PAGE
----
server, by homology modeling, based on the available
structures. The result showed that there were 3 α-helices
some irregular coiled peptides Raphanus sativu WUS
Copyright © 2013 SciRes. ENG
protein (Figure 5).
In silico cloning is a method developed in recent years
for functional gene identification by using genome and
EST database. Compared to the traditional methods, such
as molecular hybridization, sceening of genomic or
cDNA library, it is advanced for low cost, high effici e ncy,
easy operation, etc . With more and more EST and
genome sequencing data were r eported, it would beco me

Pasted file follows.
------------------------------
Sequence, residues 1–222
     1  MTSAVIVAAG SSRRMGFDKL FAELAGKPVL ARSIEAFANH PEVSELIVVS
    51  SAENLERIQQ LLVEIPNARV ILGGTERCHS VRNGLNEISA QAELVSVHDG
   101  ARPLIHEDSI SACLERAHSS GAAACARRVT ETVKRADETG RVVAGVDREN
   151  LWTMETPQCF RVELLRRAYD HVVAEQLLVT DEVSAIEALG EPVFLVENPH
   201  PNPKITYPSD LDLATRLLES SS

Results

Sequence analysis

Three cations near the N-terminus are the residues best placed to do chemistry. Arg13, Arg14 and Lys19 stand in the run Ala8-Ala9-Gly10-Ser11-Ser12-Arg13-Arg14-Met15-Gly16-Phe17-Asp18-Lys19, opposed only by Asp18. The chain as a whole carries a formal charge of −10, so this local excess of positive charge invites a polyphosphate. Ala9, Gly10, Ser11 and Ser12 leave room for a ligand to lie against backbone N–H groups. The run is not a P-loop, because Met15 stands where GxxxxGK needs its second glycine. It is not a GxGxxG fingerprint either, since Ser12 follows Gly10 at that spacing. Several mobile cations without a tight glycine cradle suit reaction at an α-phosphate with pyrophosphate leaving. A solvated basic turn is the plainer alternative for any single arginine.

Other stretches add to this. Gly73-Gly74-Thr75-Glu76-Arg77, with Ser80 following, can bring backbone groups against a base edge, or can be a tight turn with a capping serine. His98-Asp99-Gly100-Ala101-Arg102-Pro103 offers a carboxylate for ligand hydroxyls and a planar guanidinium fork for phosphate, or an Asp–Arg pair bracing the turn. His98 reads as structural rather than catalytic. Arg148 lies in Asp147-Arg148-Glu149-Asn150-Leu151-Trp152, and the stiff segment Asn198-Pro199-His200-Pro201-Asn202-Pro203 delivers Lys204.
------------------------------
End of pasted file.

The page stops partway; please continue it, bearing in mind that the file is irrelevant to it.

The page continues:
possible and feasible to isolate and identify the functional
genes by in silico cloning. Many successful examples
strongly support the fact that in silico cloning is abso-
lutely a feasible tool for gene cloning and presents some
advantages, compared to the traditional methods . In
this study, the full cDNA of Raphanus sativu WUS was
obtained primarily by searching and splicing the EST
sequences. The structure and function were analyzed and
predicted using bioinformatics methods successfully. The
results revealed that it is a convenient technique for
cloning novel gene by searching EST database with ho-
mologous gene of model living things. To our knowledge,
it was the first report about cloning of Raphanus sativu
WUS cDNA with in silico cloning. This research
Figure 5. The predicted three-dimensional structure of Ra-
phanus sati vu WUS.
achievement will provide theory and reference for plant
stem research in Raphanus sativu.